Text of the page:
…but they did get nailed.
Prohibition Agents Inspecting Bootlegger’s Truck, Oct. 23, 1926
What appeared to be an innocent truckload of lumber turned out to be a bootlegger’s vehicle loaded with prime scotch when the Los Angeles Federal Prohibition Agents smelled the odor of a broken bottle. Investigation disclosed a cleverly conceals trapdoor of board ends leading to the interior, from which 70 cases of liquor were taken. The device is said to be the most ingenious ever caught here.
Photo and caption exhumed by Jeff Burks.
Faculty of Medicine of Paris, library, remodeling the reading room. September 1908. The group of joiners/carpenters who did the work.
Images from, of course, Jeff Burks.
Jeff Burks sent me some fun photos of English joiners circa 1880, and so I think it’s time we held some caption-the-photo contests. Here’s the first photo:
Enter your caption in the comments before midnight Thursday, May 2, 2013. The winner wins a free copy of “The Joiner & Cabinet Maker” audiobook read by Roy Underhill on two CDs. Oh, and the winner is determined by me in the most unscientific manner I can imagine.
— Christopher Schwarz
One of the most essential pieces of woodwork provided by joiners was the coffin – it’s a topic I’ve been doing research on for the “Furniture of Necessity” book. Coffin-making is a fascinating trade with special jigs and construction techniques that have to match the local mores.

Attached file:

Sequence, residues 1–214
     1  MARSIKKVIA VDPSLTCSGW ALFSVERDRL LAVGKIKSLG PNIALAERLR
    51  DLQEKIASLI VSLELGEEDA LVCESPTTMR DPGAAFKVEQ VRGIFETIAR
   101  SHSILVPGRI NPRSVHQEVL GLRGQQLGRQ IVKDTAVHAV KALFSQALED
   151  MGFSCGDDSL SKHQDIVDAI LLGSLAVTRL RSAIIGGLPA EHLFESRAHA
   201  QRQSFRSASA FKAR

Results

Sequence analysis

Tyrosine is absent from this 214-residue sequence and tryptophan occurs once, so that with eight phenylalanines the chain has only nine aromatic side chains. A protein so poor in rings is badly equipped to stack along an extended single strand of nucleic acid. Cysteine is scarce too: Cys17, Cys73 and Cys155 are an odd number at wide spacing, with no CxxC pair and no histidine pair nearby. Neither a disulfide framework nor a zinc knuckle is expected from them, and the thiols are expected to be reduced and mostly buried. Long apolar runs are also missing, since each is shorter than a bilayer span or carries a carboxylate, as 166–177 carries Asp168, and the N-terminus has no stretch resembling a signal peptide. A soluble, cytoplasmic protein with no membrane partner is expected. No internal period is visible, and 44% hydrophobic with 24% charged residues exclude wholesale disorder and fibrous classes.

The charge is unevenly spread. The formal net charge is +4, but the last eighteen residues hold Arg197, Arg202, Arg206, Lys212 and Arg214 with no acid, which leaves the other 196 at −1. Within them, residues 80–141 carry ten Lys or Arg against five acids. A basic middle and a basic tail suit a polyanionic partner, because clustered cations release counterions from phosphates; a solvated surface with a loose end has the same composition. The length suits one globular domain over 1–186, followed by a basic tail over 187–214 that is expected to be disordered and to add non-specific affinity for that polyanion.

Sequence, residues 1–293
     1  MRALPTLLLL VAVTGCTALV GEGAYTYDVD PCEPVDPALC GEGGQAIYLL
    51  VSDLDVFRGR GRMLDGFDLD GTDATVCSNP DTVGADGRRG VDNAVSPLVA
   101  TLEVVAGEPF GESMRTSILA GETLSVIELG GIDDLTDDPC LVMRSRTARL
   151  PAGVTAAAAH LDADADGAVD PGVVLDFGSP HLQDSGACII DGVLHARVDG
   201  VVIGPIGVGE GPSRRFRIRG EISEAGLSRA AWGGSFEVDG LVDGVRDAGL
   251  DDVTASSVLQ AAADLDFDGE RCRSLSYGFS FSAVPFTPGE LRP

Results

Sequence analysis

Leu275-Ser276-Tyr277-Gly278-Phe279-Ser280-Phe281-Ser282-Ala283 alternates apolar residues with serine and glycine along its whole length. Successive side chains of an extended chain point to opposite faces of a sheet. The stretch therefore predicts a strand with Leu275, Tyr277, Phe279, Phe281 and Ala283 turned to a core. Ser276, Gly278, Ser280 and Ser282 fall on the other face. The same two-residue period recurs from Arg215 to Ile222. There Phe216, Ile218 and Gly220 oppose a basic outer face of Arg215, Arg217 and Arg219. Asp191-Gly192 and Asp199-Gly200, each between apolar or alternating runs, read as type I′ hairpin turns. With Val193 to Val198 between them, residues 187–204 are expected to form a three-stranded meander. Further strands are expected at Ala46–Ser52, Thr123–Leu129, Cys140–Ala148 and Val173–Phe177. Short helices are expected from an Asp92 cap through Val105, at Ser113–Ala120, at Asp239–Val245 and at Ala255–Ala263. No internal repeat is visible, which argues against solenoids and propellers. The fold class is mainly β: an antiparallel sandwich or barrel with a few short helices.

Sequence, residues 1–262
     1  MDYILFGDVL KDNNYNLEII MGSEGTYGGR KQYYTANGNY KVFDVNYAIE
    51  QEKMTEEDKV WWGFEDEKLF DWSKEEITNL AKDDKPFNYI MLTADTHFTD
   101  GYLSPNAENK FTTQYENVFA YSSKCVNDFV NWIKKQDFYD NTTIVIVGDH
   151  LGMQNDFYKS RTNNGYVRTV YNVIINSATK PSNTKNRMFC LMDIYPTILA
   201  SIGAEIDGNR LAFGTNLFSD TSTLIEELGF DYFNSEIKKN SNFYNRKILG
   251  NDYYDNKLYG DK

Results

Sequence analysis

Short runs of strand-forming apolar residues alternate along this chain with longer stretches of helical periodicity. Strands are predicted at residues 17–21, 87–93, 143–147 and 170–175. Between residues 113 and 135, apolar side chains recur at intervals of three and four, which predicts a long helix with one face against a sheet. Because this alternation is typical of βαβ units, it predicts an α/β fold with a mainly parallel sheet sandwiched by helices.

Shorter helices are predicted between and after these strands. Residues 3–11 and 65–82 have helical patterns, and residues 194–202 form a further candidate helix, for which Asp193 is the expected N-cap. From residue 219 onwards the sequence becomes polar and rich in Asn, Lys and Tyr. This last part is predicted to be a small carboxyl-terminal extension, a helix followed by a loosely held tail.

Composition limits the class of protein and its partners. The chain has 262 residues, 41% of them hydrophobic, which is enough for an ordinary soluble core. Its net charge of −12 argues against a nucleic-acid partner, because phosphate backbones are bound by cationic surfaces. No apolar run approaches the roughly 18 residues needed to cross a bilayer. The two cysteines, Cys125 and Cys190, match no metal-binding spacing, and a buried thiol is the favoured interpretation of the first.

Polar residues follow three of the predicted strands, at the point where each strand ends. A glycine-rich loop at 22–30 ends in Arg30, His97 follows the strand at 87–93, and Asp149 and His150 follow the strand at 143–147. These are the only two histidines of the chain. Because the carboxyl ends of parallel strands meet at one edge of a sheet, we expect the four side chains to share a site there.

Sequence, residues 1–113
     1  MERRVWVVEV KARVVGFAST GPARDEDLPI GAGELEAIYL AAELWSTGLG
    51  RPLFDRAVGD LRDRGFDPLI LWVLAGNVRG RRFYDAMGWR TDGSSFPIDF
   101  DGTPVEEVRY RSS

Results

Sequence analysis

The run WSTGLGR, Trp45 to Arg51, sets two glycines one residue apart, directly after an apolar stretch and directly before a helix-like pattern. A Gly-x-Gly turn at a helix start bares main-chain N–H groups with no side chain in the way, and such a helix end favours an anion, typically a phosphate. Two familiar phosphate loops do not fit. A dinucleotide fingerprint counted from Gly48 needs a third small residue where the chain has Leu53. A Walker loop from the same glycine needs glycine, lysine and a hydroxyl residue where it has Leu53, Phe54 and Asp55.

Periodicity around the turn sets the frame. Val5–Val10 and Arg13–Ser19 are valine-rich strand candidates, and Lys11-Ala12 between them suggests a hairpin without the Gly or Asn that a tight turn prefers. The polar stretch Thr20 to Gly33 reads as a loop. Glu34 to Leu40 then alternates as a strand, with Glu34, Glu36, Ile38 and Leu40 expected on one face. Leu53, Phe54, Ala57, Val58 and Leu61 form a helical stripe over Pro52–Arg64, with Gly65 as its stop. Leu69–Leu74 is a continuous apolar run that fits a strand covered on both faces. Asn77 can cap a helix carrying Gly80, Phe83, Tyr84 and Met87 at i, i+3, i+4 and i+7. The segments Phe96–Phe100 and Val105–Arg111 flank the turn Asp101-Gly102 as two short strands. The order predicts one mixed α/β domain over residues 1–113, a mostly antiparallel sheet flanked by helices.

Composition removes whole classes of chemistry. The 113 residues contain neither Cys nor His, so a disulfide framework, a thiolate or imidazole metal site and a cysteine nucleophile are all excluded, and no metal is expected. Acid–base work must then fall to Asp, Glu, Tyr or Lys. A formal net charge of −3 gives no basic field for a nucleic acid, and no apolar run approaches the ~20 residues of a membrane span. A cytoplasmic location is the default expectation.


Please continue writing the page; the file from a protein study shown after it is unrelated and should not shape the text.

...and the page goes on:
As part of the research into coffins, I’m planning on having a coffin party with a bunch of woodworkers where we will all make our own personal vessel – and each will have bookshelves in them until we buy the farm.
It’s interesting to me how even children’s books on woodworking from the 19th century made note of the sometimes-morbid part of the job.
Below is the text from “Was soll ich werden? : ein lehrreiches Bilderbuch von Lothar Meggendorfer.” Text by von Franz Bonn München : Braun & Schneider, 1888. Translation by the ever-sturdy Jeff Burks.
All ‘s let our furniture, table and bench,
the chair, the box and the cabinet,
We thank the cabinetmaker’s diligence,
He knows how to make everything well.
He built us the cradle,
In which we beheld the light of the world –
He once carpentered us the chest,
That we will wear for eternal rest!
Download the entire book scan here.
— Christopher Schwarz
From the 1907 Tiersot & Cie. tool catalog. While the French workbench is known for its typical tool rack on the back of the benchtop, this is the first time I’ve seen it under the benchtop. The catalog features a lot of very interesting tools and worth downloading from Jeff Burks’ web site here. Warning: I’ve been poring over it for the last two days.